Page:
“We are not elitist. Anyone of any race or religion can join and we have Muslim, Jewish and Christian members, as well as people from other religions in Wales. You don’t have to believe in a religion, but you have to believe in a higher presence, so there would be no point in Atheists joining.”
He had relatives who were Masons and was asked to join, but stressed that anyone who wants can freely go online and apply. After that there is an interview process, but there is "nothing secret" about this.
While most Masons in Wales are aged over 50, before the pandemic the organisation went openly to university freshers' events recruiting younger members every year, some who stayed in Wales and others who moved on.
Those who join are admitted into the ceremonies that “guide” them through the mysteries, traditions and history of being a Mason. Outsiders cannot attend these ceremonies and details cannot be divulged to non-members. This knowledge learned is one way Masons identify one another.
Describing being a Mason as "a haven" Melanie Hooper agrees that in an often uncertain world the pageantry and order of ritual offers escape as well as structure.
Shown into one of Cardiff Masonic Hall’s three temples with a chess board floor laid out with symbols ready for a ceremony - which now cannot happen under lockdown - I am keen to hear about what they mean, but am told that cannot be revealed to a non-member.
"Ceremonies are scripted and you learn different things,” the young Mason showing me around explains, apologising that he can’t elaborate.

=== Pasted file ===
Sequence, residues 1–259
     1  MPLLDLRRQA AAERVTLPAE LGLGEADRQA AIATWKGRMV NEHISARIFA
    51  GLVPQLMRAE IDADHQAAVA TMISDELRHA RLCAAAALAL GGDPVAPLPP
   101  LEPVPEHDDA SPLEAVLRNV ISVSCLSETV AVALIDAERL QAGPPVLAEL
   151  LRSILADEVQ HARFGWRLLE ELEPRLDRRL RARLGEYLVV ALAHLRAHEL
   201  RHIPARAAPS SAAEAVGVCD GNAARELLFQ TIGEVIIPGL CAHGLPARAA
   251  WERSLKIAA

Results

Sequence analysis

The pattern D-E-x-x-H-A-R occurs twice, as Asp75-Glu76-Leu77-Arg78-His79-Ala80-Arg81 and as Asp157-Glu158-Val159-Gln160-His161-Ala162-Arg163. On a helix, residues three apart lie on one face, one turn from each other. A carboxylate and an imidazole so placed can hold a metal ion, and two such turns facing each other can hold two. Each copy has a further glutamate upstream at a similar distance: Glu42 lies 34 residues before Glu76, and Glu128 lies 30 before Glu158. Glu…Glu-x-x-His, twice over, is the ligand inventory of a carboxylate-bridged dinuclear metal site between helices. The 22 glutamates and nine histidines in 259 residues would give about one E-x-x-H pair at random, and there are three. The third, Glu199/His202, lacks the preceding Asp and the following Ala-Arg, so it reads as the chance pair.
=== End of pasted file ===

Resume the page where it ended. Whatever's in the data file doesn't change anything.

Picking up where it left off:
“We have ceremonies but the focus of masonry is to help your fellow man. There is a lot of learning. That can be quite stressful. There is a thespians lodge and they find it quite easy to learn the scripts. I find it quite hard, but learning scripts is good brain training.”
The ritual of donning masonic regalia to take part in ceremonies is something that binds members together and the secrets learned and imparted in these “degrees” was at one time a way for stone masons to prove they had the credentials to work, before formal qualifications.
Freemasonry evolved from guilds of stonemasons and cathedral builders in the Middle Ages.
The exact origins aren’t known but national organised Freemasonry began in 1717 with the founding of the Grand Lodge, an association of Masonic lodges in England.
Freemason societies existed long before that, based on the stonemasonry guilds where stonemakers discussed their trade and used signs to show they knew their craft.
With the decline of cathedral building, some lodges began to accept other members.
Trappings of ancient religious orders and chivalric brotherhoods were adopted in the 17th and 18th centuries.
The Order of Women Freemasons was founded in 1908.
Members say that beyond the ceremonial pageantry, the comradeship and common purpose they also appreciate the order and structure of the rituals and ambience.
“There is an aura about the masons. We call each other sir. There is old fashioned respect. You come here on a Saturday and it’s a haven of peace and tranquillity in the centre of the city,” says William Jenkins.
“What attracted me to it was raising money and having fun. The biggest part is fundraising. We instil in our brethren that they are here to serve society and respect others.